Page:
Critic's PickIs Know Theatre obsessed with death? Following a production of Sarah Ruhl’s Eurydice, about a songwriter who tries to retrieve his beloved bride from the Underworld, the Over-the-Rhine theater is now presenting Noah Haidle’s Vigils, about a widow who keeps the soul of her dead husband, a firefighter, imprisoned in a trunk.
Haidle’s script is a fragmented memory play. Widow (Jenny Guy; the characters are named generically) can’t shed her grief free two years after her husband died in a burning house. She has captured Soul (Fang Du), who is immersed in random, repetitive memories of Body (Chris Wesselman).
His fiery death is revisited numerous times, using simple but effective special effects.
Body and Soul yearn to be put to rest, but Widow is stuck, despite a persistent Wooer (Daniel S. Hines). He has his own issues, courting a woman with a Soul trapped in her apartment, a needy whiner when he’s not a hip storyteller.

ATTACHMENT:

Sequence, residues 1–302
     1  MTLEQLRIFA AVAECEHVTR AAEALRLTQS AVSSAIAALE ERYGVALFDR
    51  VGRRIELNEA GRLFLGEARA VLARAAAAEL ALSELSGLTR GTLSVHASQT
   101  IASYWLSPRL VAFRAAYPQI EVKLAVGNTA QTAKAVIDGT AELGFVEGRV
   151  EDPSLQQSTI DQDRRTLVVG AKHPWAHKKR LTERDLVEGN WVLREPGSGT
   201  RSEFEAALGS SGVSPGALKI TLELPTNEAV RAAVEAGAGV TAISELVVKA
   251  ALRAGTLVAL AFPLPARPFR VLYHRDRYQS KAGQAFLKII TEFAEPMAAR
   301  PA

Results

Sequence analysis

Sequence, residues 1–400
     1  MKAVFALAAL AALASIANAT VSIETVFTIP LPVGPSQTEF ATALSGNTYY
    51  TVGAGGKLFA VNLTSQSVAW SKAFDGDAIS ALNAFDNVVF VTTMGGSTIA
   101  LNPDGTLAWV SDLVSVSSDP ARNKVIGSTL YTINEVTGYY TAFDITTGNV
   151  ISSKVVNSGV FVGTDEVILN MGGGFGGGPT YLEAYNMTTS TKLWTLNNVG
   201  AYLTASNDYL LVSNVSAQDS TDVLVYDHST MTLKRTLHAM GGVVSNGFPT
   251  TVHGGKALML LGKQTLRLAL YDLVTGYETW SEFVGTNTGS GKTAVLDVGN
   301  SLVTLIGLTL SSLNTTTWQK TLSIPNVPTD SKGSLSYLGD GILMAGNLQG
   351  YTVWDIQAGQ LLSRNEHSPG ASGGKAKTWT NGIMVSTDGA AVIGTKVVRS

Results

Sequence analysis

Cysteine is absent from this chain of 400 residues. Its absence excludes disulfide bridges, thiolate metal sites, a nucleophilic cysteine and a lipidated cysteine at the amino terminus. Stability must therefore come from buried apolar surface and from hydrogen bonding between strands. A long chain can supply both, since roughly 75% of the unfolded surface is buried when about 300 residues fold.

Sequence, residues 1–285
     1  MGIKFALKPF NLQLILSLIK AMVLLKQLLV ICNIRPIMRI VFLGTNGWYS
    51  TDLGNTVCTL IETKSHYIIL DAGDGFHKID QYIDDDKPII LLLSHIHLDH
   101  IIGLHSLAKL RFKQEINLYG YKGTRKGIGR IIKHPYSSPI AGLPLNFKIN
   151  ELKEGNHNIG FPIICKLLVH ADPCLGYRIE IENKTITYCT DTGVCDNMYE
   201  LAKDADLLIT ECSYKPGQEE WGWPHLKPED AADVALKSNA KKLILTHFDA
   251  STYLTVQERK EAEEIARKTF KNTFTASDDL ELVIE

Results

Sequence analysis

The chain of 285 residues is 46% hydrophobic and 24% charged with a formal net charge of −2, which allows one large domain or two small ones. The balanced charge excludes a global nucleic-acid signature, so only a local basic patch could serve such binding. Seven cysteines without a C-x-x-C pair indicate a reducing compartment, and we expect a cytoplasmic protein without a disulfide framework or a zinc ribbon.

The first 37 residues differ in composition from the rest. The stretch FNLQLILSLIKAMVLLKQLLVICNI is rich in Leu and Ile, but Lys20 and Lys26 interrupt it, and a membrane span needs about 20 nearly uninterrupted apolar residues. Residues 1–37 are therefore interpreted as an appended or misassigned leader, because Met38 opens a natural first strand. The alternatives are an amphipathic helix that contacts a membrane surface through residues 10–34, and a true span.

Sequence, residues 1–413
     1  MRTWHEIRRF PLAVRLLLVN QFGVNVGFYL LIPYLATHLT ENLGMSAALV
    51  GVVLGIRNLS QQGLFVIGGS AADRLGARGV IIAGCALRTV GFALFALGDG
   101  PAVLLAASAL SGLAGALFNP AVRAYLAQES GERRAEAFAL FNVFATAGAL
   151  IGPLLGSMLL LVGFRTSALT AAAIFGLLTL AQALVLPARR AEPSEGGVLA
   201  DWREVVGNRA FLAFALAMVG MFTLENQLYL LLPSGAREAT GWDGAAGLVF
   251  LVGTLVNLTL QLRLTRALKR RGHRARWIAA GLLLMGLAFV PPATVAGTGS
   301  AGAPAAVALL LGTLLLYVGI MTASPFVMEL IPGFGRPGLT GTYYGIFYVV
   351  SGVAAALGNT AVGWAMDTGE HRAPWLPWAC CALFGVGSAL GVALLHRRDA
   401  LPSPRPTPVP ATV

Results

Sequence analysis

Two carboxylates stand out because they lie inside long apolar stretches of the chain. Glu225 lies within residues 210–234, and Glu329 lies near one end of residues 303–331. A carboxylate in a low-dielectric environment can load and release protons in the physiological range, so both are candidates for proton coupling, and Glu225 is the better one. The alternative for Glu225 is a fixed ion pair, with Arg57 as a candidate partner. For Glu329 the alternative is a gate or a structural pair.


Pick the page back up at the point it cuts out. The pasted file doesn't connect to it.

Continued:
Haidle’s script is very self-aware. Near the end of the 100-minute play, the characters complain that they're weary of their repeated explorations of the same events and emotions. Audiences likely feel the same way, but there's a rationale for Haidle’s metaphor. When the characters break free of their emotional sinkholes, the result is powerful.
Guy gives Widow an every-girl air that makes her plight both familiar and poignant. Du’s over-the-top characterization of Soul is played more for humor than to reflect Wesselman’s Body, a likeable schlub of an average guy, a tonedeaf singer (“Killing Me Softly” is his mantra) and a clueless, regretful husband. Hines’ earnest Suitor has several amusing moments, especially an impromptu opera aria that evokes applause.
Vigils is an unusual play from a promising writer. The resolution is a bit blurred, but by the end you’ll recognize that each character sees his or her future — even if it’s eternal rest.
VIGILS, presented by Know Theatre of Cincinnati, continues through April 25.